DOJ: More Broadband Spectrum Needed

The Department of Justice notes that the average monthly minutes of wireless use increased eight-fold in a span of 10 years.

W. David Gardner, Contributor

January 5, 2010

2 Min Read

With the Federal Communications Commission racing to finish its report for Congress on broadband access next month, the Department of Justice has called on the FCC to find more spectrum for wireless delivery of broadband.

In a letter to the FCC submitted Monday, the DOJ's Antitrust Division seeks to find ways to increase spectrum while maintaining a competitive marketplace.

"Given the potential of wireless services to reach underserved areas and to provide an alternative to wireline broadband providers in other areas, the (FCC's) primary tool for promoting broadband competition should be freeing up spectrum," wrote Christine Varney, head of the division. "the scarcity of spectrum is a fundamental obstacle that the Commission should address. Stated simply, without access to sufficient spectrum a firm cannot provide state-of-the-art wireless broadband services."

FCC chairman Julius Genachowski sounded the spectrum scarcity alarm in October when he warned of a looming "spectrum crisis." The boom in smartphones, particularly with the iPhone and its 3 billion App Store downloads, is beginning to clog up wireless networks and the crunch is certain to become more acute as consumers flock to smartphones.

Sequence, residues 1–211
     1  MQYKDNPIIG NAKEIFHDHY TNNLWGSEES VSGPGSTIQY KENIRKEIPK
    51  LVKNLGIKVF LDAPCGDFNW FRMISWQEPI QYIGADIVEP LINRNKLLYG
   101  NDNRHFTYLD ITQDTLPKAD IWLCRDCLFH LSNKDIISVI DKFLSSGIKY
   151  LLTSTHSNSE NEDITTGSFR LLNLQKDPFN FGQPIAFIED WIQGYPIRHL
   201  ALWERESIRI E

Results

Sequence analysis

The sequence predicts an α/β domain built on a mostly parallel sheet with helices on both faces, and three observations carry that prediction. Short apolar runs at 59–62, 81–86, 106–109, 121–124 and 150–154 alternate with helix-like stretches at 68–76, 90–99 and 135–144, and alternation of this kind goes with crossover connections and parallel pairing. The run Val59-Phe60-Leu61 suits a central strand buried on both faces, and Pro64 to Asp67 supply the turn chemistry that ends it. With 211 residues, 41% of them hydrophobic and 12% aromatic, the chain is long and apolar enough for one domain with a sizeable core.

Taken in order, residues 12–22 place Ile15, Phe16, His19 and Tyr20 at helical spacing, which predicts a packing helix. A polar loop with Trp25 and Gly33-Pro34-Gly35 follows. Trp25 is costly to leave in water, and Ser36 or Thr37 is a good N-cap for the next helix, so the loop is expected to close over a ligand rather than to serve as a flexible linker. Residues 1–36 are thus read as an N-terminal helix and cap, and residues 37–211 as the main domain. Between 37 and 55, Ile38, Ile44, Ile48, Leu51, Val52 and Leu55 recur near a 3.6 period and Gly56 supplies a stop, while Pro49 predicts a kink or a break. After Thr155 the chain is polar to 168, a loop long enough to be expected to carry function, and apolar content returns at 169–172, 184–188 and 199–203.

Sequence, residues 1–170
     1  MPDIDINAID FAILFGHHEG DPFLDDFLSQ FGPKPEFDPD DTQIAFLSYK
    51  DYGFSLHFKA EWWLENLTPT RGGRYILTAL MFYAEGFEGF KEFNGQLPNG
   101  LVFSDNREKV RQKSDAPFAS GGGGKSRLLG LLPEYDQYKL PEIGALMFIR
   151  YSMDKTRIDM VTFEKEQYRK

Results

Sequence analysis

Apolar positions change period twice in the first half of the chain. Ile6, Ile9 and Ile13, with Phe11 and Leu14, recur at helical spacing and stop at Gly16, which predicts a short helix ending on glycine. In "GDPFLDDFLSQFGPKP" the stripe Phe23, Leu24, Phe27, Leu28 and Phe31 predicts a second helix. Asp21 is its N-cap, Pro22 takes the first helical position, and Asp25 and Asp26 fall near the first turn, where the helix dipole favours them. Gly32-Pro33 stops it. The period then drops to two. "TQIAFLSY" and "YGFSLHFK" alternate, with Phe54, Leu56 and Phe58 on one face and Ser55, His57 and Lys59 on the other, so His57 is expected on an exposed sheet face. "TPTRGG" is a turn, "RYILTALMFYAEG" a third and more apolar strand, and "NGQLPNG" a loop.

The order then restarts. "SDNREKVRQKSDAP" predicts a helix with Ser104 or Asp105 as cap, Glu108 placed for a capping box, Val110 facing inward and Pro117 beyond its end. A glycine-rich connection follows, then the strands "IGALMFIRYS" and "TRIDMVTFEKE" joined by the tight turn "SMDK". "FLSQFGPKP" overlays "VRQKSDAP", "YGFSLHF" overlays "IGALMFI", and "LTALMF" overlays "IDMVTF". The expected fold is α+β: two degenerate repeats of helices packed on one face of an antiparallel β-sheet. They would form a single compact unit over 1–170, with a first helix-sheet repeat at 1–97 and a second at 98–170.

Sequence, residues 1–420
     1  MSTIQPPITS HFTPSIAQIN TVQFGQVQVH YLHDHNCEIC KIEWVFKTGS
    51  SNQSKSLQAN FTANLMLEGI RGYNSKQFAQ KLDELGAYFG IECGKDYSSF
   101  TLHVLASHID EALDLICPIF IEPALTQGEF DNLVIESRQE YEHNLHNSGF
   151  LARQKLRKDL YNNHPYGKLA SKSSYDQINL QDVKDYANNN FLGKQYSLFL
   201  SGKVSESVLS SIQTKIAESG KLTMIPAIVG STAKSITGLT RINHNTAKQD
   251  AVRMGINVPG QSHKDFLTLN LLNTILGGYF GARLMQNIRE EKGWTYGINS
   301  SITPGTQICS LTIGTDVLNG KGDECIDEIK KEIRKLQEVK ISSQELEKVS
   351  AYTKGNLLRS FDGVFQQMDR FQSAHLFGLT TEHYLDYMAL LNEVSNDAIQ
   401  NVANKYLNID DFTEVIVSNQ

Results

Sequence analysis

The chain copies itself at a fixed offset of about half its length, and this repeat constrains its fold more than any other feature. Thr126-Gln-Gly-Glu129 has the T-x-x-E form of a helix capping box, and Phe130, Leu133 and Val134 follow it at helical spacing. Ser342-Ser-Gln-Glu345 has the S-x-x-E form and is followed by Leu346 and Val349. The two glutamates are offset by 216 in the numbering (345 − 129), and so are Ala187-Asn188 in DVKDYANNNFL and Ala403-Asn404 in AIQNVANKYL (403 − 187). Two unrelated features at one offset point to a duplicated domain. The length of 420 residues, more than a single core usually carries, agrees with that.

The DOJ also urged the FCC to find a way to encourage new entrants that could deliver more broadband services to consumers. With some 500 megahertz of spectrum currently available, industry sources have said they need another 800 megahertz to adequately serve the market in the future.

The FCC has suggested that wider use of Wi-Fi and femtocells as well as more wireless towers would help free up more spectrum, but even those approaches are generally viewed as stopgap measures.

The trajectory of spectrum use points to burgeoning use. The DOJ noted that the average monthly minutes of wireless use has increased from about 100 in 1997 to almost 800 in 2007.

The Department of Commerce's National Telecommunications and Information Administration filed a similar letter with the FCC on Monday, urging that more spectrum be made available for wireless broadband services. In the letter, Lawrence Strickling, NTIA head, said more spectrum would be "a primary tool for promoting broadband competition."

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